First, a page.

The Creation in Christ

All things were made by him, and without him was not anything made that was made. In him was life, and the life was the light of men.
— John 1:3-4

What was the life, the thing made in the Son—made by him inside himself, not outside him—made not through but in him—the life that was his own, as God’s is his own? It was that act in him that corresponded in him, as the son, to the self-existence of his father. Now what is the deepest in God? His power? No, for power could not make him what we mean when we say God. Evil could, of course, never create one atom; but let us understand very plainly, that a being whose essence was only power would be such a negation of the divine that no righteous worship could be offered him: his service must be fear, and fear only. Such a being, even were he righteous in judgment, yet could not be God. In one word, God is Love. Love is the deepest depth, the essence of his nature, at the root of all his being. It is not merely that he could not be God, if he had made no creatures to whom to be God; but love is the heart and hand of his creation; it is his right to create, and his power to create as well. The love that foresees creation is itself the power to create. Neither could he be righteous—that is, fair to his creatures—but that his love created them. His perfection is his love. All his divine rights rest upon his love. Ah, he is not the great monarch! The simplest peasant loving his cow is more divine than any monarch whose monarchy is his glory. If God would not punish sin, or if he did it for anything but love, he would not be the father of Jesus Christ, the God who works as Jesus wrought.


Choose Your Mystery
by Jess Lederman

"God is love," wrote John. Hippie rhetoric? Did he assume that we would understand that God is not only love, but also--and equally!--other things, such as Justice? Indeed, some doctrines assume a conflict between the aims of Love and Justice, and state that God must "satisfy" the latter before the former can be operative. The purpose of the Cross, to this way of thinking, is precisely to reconcile the conflict between Love and Justice. However, the notion that Christ bore a punishment that we in fact deserve implies that punishment is purely retributive. It certainly would have made no sense for Christ to bear a punishment which we needed, which was the best possible way for us to be freed from sin!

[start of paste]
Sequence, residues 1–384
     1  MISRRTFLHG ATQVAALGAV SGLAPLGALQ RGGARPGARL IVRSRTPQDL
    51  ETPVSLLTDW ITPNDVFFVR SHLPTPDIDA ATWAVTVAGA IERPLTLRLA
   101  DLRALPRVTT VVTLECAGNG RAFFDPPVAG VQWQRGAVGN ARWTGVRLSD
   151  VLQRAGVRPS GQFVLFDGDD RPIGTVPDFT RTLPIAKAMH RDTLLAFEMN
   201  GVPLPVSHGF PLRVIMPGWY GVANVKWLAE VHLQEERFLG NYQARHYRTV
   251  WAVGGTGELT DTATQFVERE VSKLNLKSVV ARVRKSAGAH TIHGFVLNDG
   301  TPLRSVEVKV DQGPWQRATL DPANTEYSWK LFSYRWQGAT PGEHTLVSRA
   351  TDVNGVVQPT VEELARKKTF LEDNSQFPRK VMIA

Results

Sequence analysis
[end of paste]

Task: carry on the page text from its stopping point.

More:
MacDonald took John's writing as a fundamental truth statement about God's nature. In the introduction to Consuming Fire, I summarized MacDonald's thinking as follows:

God is one, and God is love; he is not sometimes a God of wrath and other times a God of love. Do we then teach that men have nothing to fear from God? By no means! “For Love loves unto purity,” and is oft experienced as wrath, as the consuming fire that will not be content until our sinful nature, everything that separates us from God, is burned away. Twenty-two years after the publication of volume I, MacDonald developed these ideas at length in what may be his most influential sermon, Justice. “God’s anger,” MacDonald wrote, “is at one with his love;” so, too, God’s mercy and his justice are one and the same. Mercy and punishment are not opposed; for punishment—the consuming fire—is a means to an end, that we might be the creatures he intended us to be. God’s punishment, his justice, can be his most merciful act.

This is a wonderfully appealing line of reasoning, grounded in Scripture. All attributes of God would be aspects of Love. There is no conflict between Love and Justice; a God who is Love would never dole out purely retributive punishment. Therefore, the Cross served another purpose (to free us from sin). 

Any interpretation of Scripture is going to leave you with some residual mysteries. If you choose to believe in retributive punishment--particularly eternal conscious torment--you solve one mystery (what to do about certain verses, at least in their mainstream translation), but are left with others: Would a good God, a God who is Love, subject humans to an infinitely horrible punishment for finite crimes?  Would an omnipotent God be unable to achieve his stated objective, that all be saved? Would He start with a perfect Creation, and end with one in which many--perhaps most--of His created beings were writhing in hell--eternally rebellious, eternally sinful? And so on. 

Choose your mystery!